Israeli scientists join experiment to break open 'Big Bang'
20-year project near Geneva trying to reenact Big Bang, in bid to explain origins of universe.
It is afternoon in the control room of the Atlas particle detector, the biggest and most complex system of its kind. Prof. Giora Minkenberg of the Weizmann Institute is examining the tracks of a few muons 100 deep meters in the ground, which were picked up by the apparatus. Minkenberg points out the path of the muons, elementary particles that bear a negative charge, a heavy version of an electron.
"These are plain muons," he explains. "They are from the cosmic radiation reaching the earth. They were picked up in our experiment just by chance."
But if scientists identify a Higgs Boson (or "God particle") by the muons it breaks up into, this will be the key to proving, or disproving, the standard theory guiding nuclear physics.
International physicists at the vast underground complex near Geneva inaugurated a 20-year project on Wednesday that will try to reenact the Big Bang, in an attempt to explain the origins of the universe and how it came to harbor life.
In a giant machine called the Large Hadron Collider, or LHC, at the CERN research center straddling the Franco-Swiss border just outside Geneva, scientists plan to smash particles together to create a small-scale reenactment of the event that kicked off the cosmos.
The LHC will use giant magnets housed in cathedral-size caverns to fire beams of energy particles around a 27-km tunnel where they will collide at close to the speed of light. Computers will record what happens each time, and the vast store of material gathered will be analyzed by some 10,000 scientists around the globe for clues on what came next.
Scientists at CERN, the European Organization for Nuclear Research, will pursue concepts such as "dark matter," "dark energy," extra dimensions and, most of all, the Higgs Boson "God particle" believed to have made it all possible.
"The LHC was conceived to radically change our vision of the universe," said CERN's French Director-General Robert Aymar. "Whatever discoveries it brings, mankind's understanding of our world's origins will be greatly enriched."
Minkenberg, 61, divides his time between CERN and Weizmann. He has been conducting experiments with CERN for over 20 years. Now he spends his time running from building to building in last-minute preparations for the launch, and smokes his pipe between the meetings. He is the head of the Israeli team, consisting of over 50 scientists, including students. Other members of the Israeli team include Prof. Ehud Duchovni and Prof. Eilam Gross from Weizmann, along with others from Tel Aviv University and the Technion.
CERN scientists have been at pains to deny suggestions by some critics that the experiment could create tiny black holes of intense gravity that could suck in the entire planet.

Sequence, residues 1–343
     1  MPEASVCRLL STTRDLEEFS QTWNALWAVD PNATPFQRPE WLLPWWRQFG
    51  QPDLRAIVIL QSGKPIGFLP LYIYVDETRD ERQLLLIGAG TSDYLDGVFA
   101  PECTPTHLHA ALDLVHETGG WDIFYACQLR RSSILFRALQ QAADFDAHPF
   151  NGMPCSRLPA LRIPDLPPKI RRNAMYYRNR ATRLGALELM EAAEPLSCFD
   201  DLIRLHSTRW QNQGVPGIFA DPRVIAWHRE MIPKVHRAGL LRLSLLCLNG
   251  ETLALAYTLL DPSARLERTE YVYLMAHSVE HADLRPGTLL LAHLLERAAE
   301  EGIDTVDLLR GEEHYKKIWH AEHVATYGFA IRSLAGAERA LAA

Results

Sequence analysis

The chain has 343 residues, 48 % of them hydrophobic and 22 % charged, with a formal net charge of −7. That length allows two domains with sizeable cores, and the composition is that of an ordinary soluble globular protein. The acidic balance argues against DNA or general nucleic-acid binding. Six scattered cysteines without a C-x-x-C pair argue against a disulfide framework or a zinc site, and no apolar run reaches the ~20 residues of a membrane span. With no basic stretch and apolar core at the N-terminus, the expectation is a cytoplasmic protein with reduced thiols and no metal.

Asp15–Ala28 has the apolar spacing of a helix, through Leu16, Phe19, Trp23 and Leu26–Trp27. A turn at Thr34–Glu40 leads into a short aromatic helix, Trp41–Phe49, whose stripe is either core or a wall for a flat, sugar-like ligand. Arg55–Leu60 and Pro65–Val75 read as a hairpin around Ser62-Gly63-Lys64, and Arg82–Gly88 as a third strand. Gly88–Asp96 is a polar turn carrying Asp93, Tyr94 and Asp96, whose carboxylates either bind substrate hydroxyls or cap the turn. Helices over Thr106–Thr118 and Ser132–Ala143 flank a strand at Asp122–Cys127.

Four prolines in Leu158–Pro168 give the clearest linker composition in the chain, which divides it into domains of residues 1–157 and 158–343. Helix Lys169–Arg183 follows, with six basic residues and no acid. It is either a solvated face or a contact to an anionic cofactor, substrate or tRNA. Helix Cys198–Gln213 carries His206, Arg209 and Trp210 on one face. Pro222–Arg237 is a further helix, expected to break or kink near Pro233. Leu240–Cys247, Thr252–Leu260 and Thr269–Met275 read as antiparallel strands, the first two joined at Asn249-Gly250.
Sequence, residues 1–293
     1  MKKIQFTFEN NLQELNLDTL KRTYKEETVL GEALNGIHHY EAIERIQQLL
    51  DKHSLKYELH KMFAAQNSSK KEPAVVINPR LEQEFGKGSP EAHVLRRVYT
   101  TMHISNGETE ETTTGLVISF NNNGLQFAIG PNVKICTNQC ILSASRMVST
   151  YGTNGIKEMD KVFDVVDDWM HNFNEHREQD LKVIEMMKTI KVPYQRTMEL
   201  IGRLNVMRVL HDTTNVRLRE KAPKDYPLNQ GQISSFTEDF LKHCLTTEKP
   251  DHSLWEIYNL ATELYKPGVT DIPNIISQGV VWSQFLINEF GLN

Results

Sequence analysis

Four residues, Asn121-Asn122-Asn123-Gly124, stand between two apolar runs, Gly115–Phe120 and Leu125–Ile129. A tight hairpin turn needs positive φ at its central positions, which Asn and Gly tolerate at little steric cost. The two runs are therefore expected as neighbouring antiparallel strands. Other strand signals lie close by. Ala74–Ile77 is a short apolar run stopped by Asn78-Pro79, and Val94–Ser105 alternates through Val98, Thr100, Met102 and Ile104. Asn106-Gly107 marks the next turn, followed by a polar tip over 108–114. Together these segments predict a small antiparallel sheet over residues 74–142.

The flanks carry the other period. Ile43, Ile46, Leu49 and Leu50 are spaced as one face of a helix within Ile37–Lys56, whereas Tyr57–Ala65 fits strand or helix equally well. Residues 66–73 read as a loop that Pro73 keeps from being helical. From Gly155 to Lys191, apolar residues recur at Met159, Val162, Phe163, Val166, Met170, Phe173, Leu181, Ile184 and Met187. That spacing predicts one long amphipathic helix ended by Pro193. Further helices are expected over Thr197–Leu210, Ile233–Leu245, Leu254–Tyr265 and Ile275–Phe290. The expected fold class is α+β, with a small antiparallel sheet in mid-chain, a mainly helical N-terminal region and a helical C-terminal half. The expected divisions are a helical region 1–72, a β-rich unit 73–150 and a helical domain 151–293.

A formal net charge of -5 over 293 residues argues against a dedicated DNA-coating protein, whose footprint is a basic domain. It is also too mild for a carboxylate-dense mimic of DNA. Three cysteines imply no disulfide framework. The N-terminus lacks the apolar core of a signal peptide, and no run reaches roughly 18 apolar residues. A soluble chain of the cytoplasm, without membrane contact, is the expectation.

Cosmologists say the Big Bang occurred some 15 billion years ago when an unimaginably dense and hot object the size of a small coin exploded in what was then a void, spewed out matter that expanded rapidly to create stars, planets and eventually life on Earth.
But the 10 billion Swiss franc ($9 billion) CERN project, begins with a relatively simple procedure: pumping a particle beam around the underground tunnel.
Technicians will first attempt to push the beam in one direction round the tightly-sealed collider, some 100 meters underground. Once they have done that - and CERN officials say there is no guarantee they will be successful in the initial stages - they will project a beam in the other direction.
And then, perhaps in the coming weeks, they will pump beams in both directions and smash the particles together, initially at low intensity. At the end of the year, they will move on to produce tiny collisions that will recreate the heat and energy of the Big Bang, the reigning theory on the origin of the universe.
The detectors will monitor the billions of particles that will emerge from the collisions, capturing on computer the way they come together, fly apart or just simply dissolve.
It is in these conditions that scientists hope to fairly quickly find the Higgs Boson, named after Scottish scientist Peter Higgs who first proposed it in 1964 as the answer to the mystery of how matter gains mass.
Without mass, the stars and planets in the universe could never have taken shape in the aeons after the Big Bang, and life could never have begun - on Earth or, if it exists as many scientists believe, on other planets.
But the experiment is not without detractors. Certain Web sites on the Internet, which CERN created 20 years ago as a means of passing particle research results to scientists around the globe, have been promoted claims that the LHC will create black holes that will suck in the planet. "Nonsense," say the CERN and leading international scientists.
"The LHC is safe, and any suggestion that it might present a risk is pure fiction," said Aymar.